• If it takes you less than 5 minutes to go from awake to asleep (again, sleep is defined as the moment that you start producing theta waves), you’re severely sleep deprived.
  • If it takes you 5-10 minutes to go from awake to asleep, you’re moderately sleep deprived.
  • If it takes you 10-15 minutes to go from awake to asleep, your sleep debt is manageable.
  • If it takes you 15-20 minutes to go from awake to asleep, you’re at optimal alertness.

In one study, researchers studied people who said that they weren’t sleepy during the day. The researchers measured their MSLT. What did they find? One in five people who said they weren’t sleepy during the day fell asleep in under 5 minutes (in other words, they were severely sleep deprived, even though they didn’t feel sleepy). More than 70% of people fell asleep in 5-15 minutes, and only 10% took 15-20 minutes to fall asleep.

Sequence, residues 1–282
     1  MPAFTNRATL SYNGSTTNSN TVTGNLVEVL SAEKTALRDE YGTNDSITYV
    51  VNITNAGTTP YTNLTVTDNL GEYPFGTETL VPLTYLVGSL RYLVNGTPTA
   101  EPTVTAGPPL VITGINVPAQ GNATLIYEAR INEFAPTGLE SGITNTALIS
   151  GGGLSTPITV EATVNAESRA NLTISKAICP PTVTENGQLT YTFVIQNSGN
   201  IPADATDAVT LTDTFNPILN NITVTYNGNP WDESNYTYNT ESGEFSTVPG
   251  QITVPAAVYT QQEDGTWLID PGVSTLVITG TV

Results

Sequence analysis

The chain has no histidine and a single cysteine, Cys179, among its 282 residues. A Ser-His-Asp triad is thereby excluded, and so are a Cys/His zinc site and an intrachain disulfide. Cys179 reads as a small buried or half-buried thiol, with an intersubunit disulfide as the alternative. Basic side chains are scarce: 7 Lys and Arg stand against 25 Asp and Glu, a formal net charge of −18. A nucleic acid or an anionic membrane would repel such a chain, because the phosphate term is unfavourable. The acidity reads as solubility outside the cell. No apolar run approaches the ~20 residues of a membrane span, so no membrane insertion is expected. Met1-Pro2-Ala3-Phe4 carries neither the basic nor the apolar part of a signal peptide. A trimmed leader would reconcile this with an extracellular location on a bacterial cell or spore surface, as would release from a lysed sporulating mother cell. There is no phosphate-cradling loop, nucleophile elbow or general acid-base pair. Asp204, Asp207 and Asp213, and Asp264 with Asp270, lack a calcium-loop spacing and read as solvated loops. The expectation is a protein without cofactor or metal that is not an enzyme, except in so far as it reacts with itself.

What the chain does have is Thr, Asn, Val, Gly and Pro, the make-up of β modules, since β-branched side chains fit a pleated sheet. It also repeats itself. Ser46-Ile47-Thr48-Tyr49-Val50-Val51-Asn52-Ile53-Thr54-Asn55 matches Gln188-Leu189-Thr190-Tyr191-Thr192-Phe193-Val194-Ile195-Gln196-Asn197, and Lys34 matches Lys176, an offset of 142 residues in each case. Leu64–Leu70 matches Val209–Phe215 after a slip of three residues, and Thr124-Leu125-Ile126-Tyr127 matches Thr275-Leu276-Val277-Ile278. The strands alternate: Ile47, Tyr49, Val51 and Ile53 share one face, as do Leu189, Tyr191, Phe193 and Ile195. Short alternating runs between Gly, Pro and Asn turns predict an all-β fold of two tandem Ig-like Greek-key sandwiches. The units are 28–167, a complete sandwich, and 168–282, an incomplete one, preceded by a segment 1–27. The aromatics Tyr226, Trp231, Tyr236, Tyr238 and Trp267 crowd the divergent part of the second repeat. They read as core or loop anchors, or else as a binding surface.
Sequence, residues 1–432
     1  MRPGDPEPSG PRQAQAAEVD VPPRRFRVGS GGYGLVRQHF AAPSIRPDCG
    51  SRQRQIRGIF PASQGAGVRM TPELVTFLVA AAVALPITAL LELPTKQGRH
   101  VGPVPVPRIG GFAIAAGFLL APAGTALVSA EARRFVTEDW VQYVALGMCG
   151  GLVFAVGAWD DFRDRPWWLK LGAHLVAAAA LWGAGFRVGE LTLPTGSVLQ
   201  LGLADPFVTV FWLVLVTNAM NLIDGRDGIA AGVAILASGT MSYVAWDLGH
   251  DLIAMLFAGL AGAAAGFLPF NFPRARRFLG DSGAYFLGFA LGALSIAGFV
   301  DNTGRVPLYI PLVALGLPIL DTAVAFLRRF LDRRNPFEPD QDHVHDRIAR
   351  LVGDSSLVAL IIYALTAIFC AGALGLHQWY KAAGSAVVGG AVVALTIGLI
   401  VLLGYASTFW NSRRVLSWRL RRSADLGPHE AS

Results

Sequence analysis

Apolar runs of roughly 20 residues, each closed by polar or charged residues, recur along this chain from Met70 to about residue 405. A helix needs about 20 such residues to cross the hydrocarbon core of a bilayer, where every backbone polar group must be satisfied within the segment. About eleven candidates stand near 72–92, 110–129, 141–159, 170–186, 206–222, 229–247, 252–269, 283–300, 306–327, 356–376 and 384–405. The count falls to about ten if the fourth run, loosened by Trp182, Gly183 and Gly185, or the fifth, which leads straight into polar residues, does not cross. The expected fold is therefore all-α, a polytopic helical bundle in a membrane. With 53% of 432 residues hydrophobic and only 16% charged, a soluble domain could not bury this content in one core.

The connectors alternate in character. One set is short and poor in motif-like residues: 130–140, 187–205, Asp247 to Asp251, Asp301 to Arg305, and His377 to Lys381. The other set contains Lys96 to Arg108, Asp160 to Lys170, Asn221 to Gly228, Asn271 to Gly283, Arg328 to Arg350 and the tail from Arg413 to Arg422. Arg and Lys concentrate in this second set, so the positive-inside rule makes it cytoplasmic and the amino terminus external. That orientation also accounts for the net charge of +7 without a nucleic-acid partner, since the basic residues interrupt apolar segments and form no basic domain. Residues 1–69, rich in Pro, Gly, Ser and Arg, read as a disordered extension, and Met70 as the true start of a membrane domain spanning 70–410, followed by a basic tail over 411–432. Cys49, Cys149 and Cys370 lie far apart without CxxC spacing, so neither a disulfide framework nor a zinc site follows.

So what do we learn from this study? That most people who say they aren’t sleepy during the day are still sleep deprived. Or basically, they are liars. They are either lying to the researchers, or lying to themselves.

But here’s a cool, low-tech way to test your own degree of sleep deprivation: go to bed with a metal spoon in your hand. Make sure your hand is in such a position that the spoon is over the floor, not over the bed. Note the time that you go to sleep. As soon as you fall asleep, the muscles of the hand will relax, and the sound of the spoon on the ground will wake you up. Note the time. That’s your own sleep latency. Pretty cool, eh? I came up with it all on my own. OK, no I didn’t. I learned it from William Dement’s book, The Promise of Sleep.

How Sleep Deprivation Interacts with Alcohol